March 30, 2009
    One of the frequently asked questions I receive is regarding queuing theory and how it applies to computing infrastructures. I think a good way to explain how computer systems have evolved to address queuing issues is through a burger joint analogy.When I was a kid, there were numerous "mom and pop" burger joints along the roads. If you wanted a burger, you drove in, went up to the window, placed your order and paid your money. The people inside cooked up what you requested while you stood there.

    At more popular burger joints, too many people had to wait because it was a one-in, one-out business model. The busier ones came up with the idea that they would have an "order" window and a "pick-up" window. This permitted multiple orders to be processed concurrently, reducing the line waiting to be served. The problem was that the order went in quickly, but during busy periods, people queued up at the "pick-up" window instead of the "order" window.

    Then large chains used analysis tools (some computer-based) to determine the distribution of orders based on time-of-day and day-of-week. Based on their analyses, management adjusted manpower schedules and scheduled making up orders in advance. Heat lamps kept the food hot. At peak times, the burger joints could quickly satisfy demand, keeping order and pick-up queues low. Even if there was wasted food, it was acceptable because they were providing faster service and attracting a greater number of customers. The additional volume and associated profits more than offset the rare losses.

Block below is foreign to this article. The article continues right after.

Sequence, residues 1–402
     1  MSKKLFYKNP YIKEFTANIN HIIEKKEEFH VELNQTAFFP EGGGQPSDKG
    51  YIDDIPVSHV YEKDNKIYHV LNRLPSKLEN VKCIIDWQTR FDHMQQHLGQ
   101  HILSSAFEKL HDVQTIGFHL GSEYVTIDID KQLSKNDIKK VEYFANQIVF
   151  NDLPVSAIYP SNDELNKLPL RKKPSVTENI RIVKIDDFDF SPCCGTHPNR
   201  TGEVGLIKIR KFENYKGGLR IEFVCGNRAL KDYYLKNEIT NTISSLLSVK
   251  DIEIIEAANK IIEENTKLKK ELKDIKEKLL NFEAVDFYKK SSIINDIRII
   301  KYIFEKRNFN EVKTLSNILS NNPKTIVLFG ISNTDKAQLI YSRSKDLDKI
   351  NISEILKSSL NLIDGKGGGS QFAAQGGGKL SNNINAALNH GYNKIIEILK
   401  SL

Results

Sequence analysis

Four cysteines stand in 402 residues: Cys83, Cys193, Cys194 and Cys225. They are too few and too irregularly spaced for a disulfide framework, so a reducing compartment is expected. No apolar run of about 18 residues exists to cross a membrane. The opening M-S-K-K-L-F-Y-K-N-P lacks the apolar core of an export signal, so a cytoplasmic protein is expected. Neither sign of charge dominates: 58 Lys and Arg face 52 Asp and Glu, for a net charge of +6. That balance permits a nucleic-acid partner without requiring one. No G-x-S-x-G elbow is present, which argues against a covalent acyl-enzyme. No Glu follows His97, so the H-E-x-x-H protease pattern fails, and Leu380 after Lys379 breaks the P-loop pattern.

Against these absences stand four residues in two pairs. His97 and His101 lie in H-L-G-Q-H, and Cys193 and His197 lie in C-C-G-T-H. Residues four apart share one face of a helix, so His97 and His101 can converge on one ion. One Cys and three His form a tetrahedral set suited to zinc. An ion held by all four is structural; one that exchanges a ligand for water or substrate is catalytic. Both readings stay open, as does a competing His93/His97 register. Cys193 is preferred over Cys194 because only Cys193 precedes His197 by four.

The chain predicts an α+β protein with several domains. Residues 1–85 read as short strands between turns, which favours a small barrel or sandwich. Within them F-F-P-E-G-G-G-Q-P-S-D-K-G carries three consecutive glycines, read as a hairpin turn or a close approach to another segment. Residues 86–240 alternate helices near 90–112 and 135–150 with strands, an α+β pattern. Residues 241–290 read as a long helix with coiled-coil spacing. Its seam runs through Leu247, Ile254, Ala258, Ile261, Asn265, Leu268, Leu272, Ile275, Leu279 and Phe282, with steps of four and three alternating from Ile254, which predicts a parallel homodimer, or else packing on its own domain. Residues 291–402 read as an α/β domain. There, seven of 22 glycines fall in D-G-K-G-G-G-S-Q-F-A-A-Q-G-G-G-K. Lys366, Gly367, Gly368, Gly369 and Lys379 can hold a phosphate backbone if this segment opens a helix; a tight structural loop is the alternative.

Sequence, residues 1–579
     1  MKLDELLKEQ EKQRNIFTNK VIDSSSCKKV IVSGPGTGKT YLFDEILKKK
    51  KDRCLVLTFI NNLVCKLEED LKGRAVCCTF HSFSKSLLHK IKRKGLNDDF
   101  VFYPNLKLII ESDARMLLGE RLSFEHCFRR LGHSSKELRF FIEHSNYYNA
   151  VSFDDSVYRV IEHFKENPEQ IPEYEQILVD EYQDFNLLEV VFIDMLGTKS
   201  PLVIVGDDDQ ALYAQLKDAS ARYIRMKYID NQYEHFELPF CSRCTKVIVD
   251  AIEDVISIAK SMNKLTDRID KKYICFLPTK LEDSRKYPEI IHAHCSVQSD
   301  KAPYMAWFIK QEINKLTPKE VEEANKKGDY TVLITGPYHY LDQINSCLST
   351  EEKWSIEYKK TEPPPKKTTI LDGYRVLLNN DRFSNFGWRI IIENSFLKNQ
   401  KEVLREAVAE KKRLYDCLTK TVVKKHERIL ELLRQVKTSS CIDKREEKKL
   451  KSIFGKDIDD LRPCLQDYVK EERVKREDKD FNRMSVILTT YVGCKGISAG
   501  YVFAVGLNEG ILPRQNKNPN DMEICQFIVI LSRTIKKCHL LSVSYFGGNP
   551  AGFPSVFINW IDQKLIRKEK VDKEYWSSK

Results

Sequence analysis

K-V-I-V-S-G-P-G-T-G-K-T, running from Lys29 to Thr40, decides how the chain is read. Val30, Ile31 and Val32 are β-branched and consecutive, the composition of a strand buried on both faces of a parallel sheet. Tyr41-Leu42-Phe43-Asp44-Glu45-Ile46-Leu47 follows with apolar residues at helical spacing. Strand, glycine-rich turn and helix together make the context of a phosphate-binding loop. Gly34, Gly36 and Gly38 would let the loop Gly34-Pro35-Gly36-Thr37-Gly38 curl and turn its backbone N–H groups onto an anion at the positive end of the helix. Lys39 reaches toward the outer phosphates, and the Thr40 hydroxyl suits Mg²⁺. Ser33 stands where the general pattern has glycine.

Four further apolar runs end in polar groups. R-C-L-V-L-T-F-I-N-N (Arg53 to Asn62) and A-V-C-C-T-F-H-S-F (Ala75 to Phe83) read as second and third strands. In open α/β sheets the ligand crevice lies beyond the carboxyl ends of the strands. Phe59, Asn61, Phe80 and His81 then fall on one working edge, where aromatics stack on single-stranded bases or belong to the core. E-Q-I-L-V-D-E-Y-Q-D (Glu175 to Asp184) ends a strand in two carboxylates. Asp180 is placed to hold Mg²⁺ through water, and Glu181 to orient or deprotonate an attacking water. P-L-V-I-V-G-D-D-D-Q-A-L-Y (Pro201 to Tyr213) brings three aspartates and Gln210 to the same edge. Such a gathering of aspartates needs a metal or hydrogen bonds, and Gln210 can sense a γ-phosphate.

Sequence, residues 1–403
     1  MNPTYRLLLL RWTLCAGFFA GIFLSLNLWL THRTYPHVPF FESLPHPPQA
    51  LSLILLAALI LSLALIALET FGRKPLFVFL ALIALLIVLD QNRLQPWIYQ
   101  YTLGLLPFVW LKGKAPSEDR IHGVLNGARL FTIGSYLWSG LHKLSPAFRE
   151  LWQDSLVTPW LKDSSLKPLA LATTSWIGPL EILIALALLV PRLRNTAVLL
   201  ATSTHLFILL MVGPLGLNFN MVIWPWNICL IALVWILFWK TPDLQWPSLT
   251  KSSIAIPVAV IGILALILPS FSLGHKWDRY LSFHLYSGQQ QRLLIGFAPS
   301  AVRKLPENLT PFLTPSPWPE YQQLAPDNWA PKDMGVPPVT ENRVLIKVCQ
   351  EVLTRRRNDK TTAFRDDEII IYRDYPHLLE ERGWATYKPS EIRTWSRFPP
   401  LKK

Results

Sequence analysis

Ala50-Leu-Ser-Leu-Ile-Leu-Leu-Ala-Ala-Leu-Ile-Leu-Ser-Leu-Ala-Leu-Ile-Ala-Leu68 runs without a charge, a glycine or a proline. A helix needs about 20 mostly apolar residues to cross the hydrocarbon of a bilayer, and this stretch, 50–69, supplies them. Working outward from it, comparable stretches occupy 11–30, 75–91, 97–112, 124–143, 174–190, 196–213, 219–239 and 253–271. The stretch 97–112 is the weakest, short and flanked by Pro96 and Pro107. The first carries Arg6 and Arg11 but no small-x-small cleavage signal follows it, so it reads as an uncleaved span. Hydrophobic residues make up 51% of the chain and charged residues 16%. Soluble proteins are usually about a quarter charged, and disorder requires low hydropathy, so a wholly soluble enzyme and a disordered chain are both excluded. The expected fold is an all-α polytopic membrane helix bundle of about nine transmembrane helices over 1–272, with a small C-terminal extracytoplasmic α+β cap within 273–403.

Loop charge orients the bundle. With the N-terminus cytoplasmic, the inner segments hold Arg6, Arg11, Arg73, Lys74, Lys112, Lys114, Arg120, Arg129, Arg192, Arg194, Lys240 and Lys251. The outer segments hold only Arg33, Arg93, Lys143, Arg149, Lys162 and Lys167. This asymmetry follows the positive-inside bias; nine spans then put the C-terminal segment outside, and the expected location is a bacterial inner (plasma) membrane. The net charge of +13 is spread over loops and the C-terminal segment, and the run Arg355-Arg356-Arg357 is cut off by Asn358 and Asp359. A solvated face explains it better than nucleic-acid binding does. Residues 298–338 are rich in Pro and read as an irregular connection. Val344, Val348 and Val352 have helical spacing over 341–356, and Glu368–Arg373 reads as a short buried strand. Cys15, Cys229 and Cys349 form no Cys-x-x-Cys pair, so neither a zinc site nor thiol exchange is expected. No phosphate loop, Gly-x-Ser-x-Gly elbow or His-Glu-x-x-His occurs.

Computer technology addressing queuing issues has matured in similar fashion. Old computers using the DOS operating system could only process one job at a time. Then Multiple Virtual operating systems came about. Multiple jobs could be run, however they would vie for the same resources, causing queuing (thus elongated wait times).

    With the advent of cheap memory in data storage (disk) controllers, you could fix data in storage at different points in time so that it was readily available and sped the execution of jobs. Read-ahead technology was developed at the same time, further reducing job execution times. Current technologies use a wide variety of the above solutions to speed execution of jobs and transactions.So as you can see, burger joints and computer queuing have a lot in common!

    Until the next time


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